Historical Markers in
Cochise County, Arizona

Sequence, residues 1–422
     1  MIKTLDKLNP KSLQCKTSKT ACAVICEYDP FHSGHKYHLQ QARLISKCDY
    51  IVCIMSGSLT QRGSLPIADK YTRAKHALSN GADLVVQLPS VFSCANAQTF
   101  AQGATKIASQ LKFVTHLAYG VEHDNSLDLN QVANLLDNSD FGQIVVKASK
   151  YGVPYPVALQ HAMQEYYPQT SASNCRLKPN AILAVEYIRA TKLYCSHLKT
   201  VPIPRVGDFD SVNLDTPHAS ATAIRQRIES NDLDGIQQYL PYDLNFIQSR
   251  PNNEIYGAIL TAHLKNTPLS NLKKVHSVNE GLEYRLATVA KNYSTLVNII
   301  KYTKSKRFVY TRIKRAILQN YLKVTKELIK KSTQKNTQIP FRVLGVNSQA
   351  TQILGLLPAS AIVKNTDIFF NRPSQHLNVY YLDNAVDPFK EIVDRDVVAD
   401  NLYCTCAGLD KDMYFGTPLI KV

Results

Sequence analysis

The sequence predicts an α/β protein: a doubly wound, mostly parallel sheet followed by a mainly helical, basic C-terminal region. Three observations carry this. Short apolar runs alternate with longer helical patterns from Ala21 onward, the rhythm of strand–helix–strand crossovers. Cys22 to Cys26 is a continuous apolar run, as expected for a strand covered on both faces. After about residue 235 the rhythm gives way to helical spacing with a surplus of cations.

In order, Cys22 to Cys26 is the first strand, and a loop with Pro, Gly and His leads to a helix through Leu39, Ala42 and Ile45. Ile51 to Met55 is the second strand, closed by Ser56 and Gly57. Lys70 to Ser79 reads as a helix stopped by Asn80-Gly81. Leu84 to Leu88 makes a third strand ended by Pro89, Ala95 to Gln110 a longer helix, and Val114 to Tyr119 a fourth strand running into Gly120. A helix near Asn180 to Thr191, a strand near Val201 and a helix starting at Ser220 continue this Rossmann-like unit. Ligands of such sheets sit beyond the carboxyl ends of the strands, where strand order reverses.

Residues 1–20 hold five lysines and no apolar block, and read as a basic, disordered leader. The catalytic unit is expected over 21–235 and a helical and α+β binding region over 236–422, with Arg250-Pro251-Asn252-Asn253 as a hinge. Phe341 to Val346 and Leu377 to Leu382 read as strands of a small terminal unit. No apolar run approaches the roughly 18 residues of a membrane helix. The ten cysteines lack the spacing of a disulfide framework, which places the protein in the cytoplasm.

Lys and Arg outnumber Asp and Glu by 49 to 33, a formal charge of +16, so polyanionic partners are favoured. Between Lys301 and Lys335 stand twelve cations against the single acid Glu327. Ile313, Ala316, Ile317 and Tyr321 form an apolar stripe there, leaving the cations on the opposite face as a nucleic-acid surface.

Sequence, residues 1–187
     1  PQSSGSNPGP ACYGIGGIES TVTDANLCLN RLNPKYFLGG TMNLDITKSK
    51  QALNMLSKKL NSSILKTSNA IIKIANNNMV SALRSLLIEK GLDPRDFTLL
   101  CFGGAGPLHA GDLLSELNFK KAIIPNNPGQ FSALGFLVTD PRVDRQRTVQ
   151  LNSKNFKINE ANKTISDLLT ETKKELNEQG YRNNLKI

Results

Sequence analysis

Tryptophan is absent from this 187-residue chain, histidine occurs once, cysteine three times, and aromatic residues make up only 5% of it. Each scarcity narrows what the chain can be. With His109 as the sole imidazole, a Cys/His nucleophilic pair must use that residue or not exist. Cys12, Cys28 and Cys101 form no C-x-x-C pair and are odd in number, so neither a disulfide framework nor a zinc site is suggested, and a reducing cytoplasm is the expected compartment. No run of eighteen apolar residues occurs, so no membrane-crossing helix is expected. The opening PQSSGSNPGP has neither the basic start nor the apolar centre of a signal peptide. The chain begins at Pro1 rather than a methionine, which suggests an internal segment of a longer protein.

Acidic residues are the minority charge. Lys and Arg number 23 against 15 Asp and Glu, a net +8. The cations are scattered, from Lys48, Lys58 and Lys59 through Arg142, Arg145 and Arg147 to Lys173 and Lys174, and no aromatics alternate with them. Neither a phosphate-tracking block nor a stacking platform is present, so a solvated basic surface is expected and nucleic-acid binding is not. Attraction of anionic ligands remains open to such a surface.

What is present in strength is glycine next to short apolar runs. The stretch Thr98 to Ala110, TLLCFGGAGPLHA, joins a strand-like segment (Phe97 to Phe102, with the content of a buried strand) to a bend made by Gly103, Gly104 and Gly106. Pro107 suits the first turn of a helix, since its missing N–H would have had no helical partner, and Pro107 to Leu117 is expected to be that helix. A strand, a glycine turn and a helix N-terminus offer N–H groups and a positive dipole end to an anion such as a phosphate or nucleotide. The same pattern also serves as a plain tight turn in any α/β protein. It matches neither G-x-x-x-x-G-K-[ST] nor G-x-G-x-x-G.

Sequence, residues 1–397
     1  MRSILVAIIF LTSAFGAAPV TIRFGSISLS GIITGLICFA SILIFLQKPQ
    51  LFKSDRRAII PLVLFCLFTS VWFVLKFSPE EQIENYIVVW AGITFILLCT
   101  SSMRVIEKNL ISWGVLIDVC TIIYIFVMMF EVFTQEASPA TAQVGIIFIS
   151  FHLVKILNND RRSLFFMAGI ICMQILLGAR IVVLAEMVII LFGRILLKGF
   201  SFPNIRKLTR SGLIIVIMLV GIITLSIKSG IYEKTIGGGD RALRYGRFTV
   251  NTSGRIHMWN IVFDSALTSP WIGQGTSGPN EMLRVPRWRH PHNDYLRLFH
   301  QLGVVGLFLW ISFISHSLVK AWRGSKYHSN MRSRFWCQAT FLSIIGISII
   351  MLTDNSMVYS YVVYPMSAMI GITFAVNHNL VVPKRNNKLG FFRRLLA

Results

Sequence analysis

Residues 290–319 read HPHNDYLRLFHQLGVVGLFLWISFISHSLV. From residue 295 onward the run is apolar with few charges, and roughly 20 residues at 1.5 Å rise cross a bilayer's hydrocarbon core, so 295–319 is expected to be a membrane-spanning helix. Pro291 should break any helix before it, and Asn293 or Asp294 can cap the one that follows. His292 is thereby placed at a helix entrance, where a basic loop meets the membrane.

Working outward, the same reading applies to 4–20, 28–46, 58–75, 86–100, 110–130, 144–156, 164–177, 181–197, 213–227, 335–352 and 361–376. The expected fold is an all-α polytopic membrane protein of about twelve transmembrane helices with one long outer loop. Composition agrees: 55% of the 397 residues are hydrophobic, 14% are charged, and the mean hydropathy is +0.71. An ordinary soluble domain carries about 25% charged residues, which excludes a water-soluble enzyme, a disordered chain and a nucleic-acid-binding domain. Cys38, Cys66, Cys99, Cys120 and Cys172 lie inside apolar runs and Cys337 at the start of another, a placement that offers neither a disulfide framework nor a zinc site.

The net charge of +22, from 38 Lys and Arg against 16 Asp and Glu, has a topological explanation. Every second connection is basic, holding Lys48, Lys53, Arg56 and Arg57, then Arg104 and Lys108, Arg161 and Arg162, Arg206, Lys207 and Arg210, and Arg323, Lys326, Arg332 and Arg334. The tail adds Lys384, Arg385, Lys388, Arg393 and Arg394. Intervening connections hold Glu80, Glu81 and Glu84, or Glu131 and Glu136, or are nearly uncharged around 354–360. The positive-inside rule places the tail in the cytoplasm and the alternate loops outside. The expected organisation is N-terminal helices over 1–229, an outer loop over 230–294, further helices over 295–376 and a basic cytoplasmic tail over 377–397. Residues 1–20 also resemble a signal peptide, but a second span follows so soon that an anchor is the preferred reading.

Allen English Home Alvarado Hall Apache Pass Apache Pass - A Corridor Through Time Apache Scout Memorial Apache Spring Arizona Confederate Veterans Memorial Bascom-Cochise Meeting Site Benson Jail Benson Pioneer Cemetery Bird Cage Theatre Bisbee City Fire Hall Bisbee Golf Club Boothill Graveyard Brewery Gulch Buffalo Soldier Legacy Plaza Calumet and Arizona Mining Company Office Building Camp John A. Rucker A Military Outpost Camp Rucker and the Indian Scouts Camp Rucker Bakery and Commissary Camp Rucker Timeline Campbell & Hatch Saloon and Billiard Parlor Can Can Restaurant Carmichael Elementary School Carmichael General Store/U.S. Post Office Carmichael House/Sierra Vista Realty Cavalry Barracks Cavalry Mess Hall and Kitchen Centennial of Chiricahua Apache/U.S. Cessation of Hostilities 1886 Chief Cochise City Marshall Virgil Earp City of Bisbee Warrior Memorial Cochise County Bank Commanding Officer's Quarters Confederate Graves at Dragoon Springs Copper Queen Plaza Counter Intelligence Corp Memorial Curly Bill Brocius Killed Marshal Fred White Here Discovery of Ore Douglas International Airport Douglas Police Headquarters Douglas R.R. YMCA Dragoon Springs Stage Stop Ed Riggs Edward Schieffelin Erickson Family Cemetery Faraway Ranch First Fort Bowie Fort Bowie Fort Huachuca Four miles southeast at Council Rocks Geronimo Surrender Monument Grand Army of the Republic Memorial Headquarters Saloon Historic Gleeson Jail Hoptown How Camp Rucker received its Name Ice Hall In Memory of Lt. Robert G. Westlund Infantry Barracks John Ringo La Casita Restaurant Lehner Mammoth Kill Site Library Hall - The Douglas Public Library M. Calisher General Store Million Dollar Stope Mining Cabin Mormon Battalion Mormon Battalion Mormon Battalion Campsite Mule Pass Neil and Emma Erickson Old Camp Rucker Ranch Old Fort Bowie Old Pearce Post Office Owl Cafe and Tourist Hotel Palace Saloon and Pool Hall, 1905 Parke Camp Site Phelps Dodge General Office Building Post Cemetery Post Trader POW/MIA Monument Quartermaster Storehouse Railroad Avenue RC – 12G Crazyhorse Rex Allen Memorial Rose Tree Sacred Heart Church San Bernardino Ranch Schieffelin Hall Second Fort Bowie Soldiers Hole Southern Pacific Train Depot St. Paul's Episcopal Church Sulphur Springs The Bascom Affair The Battle of Apache Pass; July 15-16, 1862 The Butterfield Overland Mail The Chiricahua Apache The Chiricahua Apache Indian Agency The Coronado Expedition, 1540-42 The Ericksons: Pioneer Settlers The Grand Hotel The Importance Of Copper Mining The Lavender Pit The Mines of Tombstone The Oriental Saloon The San Simon Rest Area - Percy Jones, Jr. The San Simon Rest Area - Percy Jones, Jr. The Schwertner House, 1880 The Southern Pacific Railroad Depot, 1880 The Stage Station Ruin The Toggery, 1925 The Warren Ball Park The Willcox Women's Community Center Tombstone City Hall Tombstone Engine Co. No. 1 Tombstone, Arizona U. S. Army Mohawk (OV -1D) Union Soldiers Buried in Historic Cemetery United States Border Station "Unknown Soldiers" USO Club / NCO Annex / Army Service Club Veterans Pioneers Settlers Walter Douglas House Welcome to Boothill Graveyard Wheel of Progress Willcox Commercial Hotel, 1916